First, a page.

Business comment: Scotland's life sciences sector grasping the power of AI

The pandemic has got all of us thinking differently. As crazy as it may seem, at Accenture’s digital lab in Leopardstown, near Dublin, a team of 80 people have started to brew beer to learn more about the manufacturing process of pharmaceuticals.

Michelle Hawkins, joint MD of Accenture Scotland.

By replicating the fermentation process in beer production and using a combination of artificial intelligence and data analytics to study it, they can begin to see how making drugs – and critically vaccines – can be made more efficient. In many ways it makes perfect sense. Using data, you can find out during the process if your live batch of beer is being made to specification.

The same principles can be applied to live pharmaceuticals. And the consequences of getting this right couldn’t be more far-reaching. Why make a batch of vaccines only to discover at the end of the process that it isn’t as it should be?

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The intriguing thing is that this can be achieved if you maximise the use of scientific data and apply AI and data analytics.

Covid-19 has accelerated the use of new technologies in many areas of business and life science is no different. Look at how the World Health Organisation, Oracle, Microsoft, IBM and others are collaborating on HACERA’s MiPasa, a blockchain-based open data hub that aims to quickly identify Covid-19 carriers and hotspots. Or look at Los Angeles’ Cedars-Sinai hospital, which is using VR simulations to train doctors to treat infectious diseases. Healthcare that is weaving technological building blocks together is setting a course for the future.

AI, in particular, offers a unique advantage. Life science start-ups are disrupting decades-old incumbents because the AI technology they embrace doesn’t approach a problem based on years of experience or inherent human biases. It hasn’t yet learned what not to try. This blank slate offers fertile ground for transformation in healthcare. Overwhelmingly, AI can become an agent of change, transforming not just how organisations do work – through automation and execution – but also what they actually do.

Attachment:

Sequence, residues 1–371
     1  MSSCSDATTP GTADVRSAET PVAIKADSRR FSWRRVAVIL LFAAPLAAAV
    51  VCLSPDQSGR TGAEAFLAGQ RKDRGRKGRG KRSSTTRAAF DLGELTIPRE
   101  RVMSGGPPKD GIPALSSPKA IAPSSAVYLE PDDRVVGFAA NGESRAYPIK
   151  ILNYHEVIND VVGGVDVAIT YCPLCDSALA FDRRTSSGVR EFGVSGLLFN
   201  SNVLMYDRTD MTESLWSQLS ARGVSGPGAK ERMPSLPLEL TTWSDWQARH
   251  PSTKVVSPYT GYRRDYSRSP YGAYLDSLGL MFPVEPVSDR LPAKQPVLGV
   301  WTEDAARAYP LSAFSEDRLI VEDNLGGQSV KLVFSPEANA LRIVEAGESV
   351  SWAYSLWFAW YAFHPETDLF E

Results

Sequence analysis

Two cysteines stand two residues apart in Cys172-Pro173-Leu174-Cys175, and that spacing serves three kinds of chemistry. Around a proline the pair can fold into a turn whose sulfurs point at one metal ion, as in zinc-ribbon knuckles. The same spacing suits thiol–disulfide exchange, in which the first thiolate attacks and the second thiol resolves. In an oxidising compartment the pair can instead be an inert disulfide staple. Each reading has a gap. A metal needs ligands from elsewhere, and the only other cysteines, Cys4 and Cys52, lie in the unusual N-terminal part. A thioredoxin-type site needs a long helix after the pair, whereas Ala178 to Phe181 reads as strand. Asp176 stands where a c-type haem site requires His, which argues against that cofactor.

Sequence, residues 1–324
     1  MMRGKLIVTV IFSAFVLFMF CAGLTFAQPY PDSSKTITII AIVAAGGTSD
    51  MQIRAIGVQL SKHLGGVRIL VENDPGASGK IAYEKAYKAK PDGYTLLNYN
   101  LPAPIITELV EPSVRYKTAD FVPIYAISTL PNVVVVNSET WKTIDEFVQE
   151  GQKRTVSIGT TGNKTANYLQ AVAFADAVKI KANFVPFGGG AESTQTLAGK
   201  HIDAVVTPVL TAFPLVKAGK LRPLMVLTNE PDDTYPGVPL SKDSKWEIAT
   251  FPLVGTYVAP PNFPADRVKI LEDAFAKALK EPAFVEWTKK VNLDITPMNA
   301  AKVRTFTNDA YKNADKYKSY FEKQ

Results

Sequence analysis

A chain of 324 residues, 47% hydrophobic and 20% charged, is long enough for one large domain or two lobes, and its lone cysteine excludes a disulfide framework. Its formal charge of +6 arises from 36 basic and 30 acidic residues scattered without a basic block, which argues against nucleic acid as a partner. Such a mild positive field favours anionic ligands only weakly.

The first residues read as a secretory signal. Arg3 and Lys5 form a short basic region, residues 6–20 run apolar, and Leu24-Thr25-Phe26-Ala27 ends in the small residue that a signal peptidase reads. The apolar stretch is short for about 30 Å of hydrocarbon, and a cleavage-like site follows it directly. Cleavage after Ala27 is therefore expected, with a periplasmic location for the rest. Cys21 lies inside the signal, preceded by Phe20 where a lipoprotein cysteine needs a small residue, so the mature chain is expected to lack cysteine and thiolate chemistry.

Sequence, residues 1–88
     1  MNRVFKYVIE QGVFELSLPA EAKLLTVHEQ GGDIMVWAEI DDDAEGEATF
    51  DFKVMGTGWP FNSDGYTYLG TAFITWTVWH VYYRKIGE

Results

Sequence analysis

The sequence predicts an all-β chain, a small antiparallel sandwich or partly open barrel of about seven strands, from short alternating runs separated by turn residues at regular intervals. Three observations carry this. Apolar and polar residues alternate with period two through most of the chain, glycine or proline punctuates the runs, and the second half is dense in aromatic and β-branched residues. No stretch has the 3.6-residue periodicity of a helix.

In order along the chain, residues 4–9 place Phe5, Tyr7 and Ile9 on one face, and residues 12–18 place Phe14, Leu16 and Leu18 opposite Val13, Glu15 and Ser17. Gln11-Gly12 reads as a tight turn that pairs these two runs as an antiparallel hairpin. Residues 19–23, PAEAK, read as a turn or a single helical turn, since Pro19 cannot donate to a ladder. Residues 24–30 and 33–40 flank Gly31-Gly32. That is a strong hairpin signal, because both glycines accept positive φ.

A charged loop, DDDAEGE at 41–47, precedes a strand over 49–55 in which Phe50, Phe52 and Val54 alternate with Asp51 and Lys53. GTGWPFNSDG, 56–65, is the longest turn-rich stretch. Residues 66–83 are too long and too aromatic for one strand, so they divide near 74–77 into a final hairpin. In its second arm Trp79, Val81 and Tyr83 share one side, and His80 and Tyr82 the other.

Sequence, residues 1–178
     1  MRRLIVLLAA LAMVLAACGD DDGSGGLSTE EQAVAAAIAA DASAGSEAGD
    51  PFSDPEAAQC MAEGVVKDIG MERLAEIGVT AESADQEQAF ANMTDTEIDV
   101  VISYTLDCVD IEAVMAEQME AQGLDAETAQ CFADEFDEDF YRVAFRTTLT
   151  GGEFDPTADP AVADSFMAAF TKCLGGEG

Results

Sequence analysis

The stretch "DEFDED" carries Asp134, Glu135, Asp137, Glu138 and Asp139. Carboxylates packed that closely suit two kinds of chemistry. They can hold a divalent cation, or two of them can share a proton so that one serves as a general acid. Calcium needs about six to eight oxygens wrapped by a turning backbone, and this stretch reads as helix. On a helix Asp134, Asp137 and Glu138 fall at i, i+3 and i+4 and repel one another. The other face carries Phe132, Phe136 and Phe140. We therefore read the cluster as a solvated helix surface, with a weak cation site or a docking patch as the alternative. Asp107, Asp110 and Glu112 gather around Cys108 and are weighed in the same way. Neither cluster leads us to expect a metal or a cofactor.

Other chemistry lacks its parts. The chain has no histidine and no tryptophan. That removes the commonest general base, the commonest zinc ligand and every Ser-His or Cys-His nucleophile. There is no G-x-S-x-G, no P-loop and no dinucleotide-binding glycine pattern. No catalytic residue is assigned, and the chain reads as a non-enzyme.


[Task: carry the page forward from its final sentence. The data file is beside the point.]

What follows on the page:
In this new era where physical distance has become a requirement, not a preference, AI can help treat people at home. Smartphones equipped with sensors can continuously monitor a variety of health issues, including respiratory conditions. Algorithms identify and classify the severity of coughs or flag breathing irregularities so that care providers can intervene when issues crop up, no matter where the person is when they arise.

Moreover, in the race to find a Covid-19 vaccine, Insilico Medicine, a Hong Kong-based biotech company, has repurposed its AI platform to help expedite the development of a medicine, using machine learning to speed up the drug discovery process. While new bioprocessing technologies for the rapid scale-up of cell and gene therapies will be the catalyst for the development of these novel treatments, reducing the time and costs associated with bringing such transformative medicines to market.

AI is increasingly supporting the development of treatments and advances the manufacturing processes. It is not surprising, therefore, that research shows that 69 per cent of healthcare organisations worldwide are piloting or adopting AI.

In Scotland, investment in life sciences over recent years has been robust. Scotland is now home to one of Europe’s largest life sciences clusters, employing nearly 40,000 people.

In 2019, a survey found that more than half of the nation’s life science organisations were reporting increased turnover and profits, with nearly two thirds signalling an onward upward trajectory. If that growth potential is linked to the manufacturing and technology expertise deep-rooted in this country and aligned with data science and AI (both devolved matters in Scotland) there is even greater opportunity. As we continue to develop a national AI strategy for Scotland, a dedicated focus on life sciences would surely reap rewards.

As healthcare organisations adapt to new ways of working coming out of the crisis – and as they pursue innovation – they are realising that maturing digital technologies, scientific advancements, and emerging new tech platforms will help bring new ideas to fruition and better still, save lives. If, in Scotland, we manage to seize opportunities and maintain the momentum and pace of development, it is hard not to feel excited by life sciences. The building blocks to grow the sector further are moving firmly into place.

- Michelle Hawkins, joint MD of Accenture Scotland

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